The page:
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Richard Strauss' "Himmelsboten," which opened "Strauss and His World," Wednesday's Tanglewood recital by baritone Thomas Hampson and pianist Wolfram Rieger, is one song, but might as well be six: Each stanza gets its own musical milieu. As Hampson impishly asked a sunbeam to enter his beloved's window and kiss her breast, the melodic surge shuffled the harmonies through an entire deck of keys. Some composers create musical order as a refuge from the world's messiness; Strauss fled into excess.
Commemorating this year's Strauss anniversary (the composer's 150th birthday), Hampson and Rieger fashioned eight of his disparate songs into a convincing cycle: young to old, love to loss, light to dark to light again. Among occasional drama - Hampson reached ringing, heroically hopeful heights in "Heimliche Aufforderung," as well as "Sehnsucht," with its similarly grand (if more equivocal) trajectory - the dominant mood was lush and languorous, a "velvet thread through the graying dusk," as "Traum durch die Dämmerung" put it. READ THE FULL Boston Globe REVIEW.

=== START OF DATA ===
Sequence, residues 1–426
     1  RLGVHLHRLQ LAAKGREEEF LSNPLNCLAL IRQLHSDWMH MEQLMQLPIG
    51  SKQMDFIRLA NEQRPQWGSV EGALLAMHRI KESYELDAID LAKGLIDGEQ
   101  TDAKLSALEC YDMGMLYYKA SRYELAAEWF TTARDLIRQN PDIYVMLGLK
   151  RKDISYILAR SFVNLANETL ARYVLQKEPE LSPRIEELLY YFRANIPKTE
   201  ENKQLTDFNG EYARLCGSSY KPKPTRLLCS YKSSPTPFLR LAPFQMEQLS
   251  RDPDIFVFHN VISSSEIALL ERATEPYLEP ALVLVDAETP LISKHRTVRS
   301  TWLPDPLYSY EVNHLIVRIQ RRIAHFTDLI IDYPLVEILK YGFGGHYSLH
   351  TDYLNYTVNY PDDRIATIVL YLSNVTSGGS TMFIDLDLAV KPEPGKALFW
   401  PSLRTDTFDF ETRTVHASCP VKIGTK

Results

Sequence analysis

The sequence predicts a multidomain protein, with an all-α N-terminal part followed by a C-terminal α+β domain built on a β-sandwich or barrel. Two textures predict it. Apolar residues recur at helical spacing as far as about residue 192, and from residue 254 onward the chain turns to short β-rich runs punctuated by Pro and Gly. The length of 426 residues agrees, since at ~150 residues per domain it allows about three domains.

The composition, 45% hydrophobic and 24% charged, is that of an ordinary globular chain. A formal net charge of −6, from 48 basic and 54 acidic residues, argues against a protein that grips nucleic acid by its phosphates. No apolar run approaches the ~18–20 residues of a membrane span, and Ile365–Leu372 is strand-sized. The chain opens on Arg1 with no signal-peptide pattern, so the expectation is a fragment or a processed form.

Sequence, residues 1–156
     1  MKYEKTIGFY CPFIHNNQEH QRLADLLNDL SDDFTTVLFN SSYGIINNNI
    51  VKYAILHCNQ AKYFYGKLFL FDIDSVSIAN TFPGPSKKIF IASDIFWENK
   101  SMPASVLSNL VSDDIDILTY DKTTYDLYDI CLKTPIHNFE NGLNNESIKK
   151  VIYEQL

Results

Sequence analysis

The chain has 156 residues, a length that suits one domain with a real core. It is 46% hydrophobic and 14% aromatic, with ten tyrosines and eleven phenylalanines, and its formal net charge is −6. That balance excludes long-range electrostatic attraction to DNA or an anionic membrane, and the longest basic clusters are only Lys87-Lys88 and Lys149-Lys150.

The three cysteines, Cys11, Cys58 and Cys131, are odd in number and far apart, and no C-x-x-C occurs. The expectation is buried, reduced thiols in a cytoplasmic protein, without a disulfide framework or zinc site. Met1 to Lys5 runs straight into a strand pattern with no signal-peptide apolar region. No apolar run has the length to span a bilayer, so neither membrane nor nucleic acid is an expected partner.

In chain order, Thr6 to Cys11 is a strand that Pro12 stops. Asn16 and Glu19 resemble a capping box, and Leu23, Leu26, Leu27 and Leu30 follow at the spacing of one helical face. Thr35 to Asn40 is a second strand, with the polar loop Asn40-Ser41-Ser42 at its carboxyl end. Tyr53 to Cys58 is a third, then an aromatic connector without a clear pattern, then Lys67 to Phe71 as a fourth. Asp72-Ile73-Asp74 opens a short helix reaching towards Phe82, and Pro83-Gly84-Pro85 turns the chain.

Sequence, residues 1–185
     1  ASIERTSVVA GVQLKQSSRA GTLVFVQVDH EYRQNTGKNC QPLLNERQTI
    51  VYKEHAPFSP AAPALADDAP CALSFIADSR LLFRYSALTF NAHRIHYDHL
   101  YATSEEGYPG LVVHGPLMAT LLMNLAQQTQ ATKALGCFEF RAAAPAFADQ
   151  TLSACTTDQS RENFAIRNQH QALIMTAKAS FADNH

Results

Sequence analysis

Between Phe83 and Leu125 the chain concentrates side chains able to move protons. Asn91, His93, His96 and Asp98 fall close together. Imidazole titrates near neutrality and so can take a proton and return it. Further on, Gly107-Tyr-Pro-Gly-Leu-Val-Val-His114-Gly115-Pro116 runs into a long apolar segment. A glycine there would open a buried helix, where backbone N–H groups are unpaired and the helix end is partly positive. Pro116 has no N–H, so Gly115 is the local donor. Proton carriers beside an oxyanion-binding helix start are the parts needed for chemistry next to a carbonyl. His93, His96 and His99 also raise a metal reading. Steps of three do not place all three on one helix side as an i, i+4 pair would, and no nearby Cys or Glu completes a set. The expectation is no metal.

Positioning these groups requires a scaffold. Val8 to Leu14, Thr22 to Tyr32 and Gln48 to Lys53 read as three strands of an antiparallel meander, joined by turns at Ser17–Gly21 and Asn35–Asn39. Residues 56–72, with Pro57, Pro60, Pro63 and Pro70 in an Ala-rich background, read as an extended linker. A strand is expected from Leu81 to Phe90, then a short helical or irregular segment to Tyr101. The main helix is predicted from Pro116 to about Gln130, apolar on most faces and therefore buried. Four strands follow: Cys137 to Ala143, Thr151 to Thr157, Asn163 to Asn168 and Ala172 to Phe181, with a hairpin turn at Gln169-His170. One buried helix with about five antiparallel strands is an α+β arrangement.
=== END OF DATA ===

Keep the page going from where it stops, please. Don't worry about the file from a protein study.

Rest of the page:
With his infinite and mature talent, American baritone Thomas Hampson has been enjoying a triumphant international career as an opera singer, recitalist and recording artist for decades. All complemented by his passionate interest in teaching and exploring an immensely varied repertoire of songs.
gbtimes talked to Hampson shortly after the release of his latest Notturno album, featuring an exquisite selection of songs by Richard Strauss.
And so we talked...about Notturno and the art of song. READ THE FULL gbtimes INTERVIEW.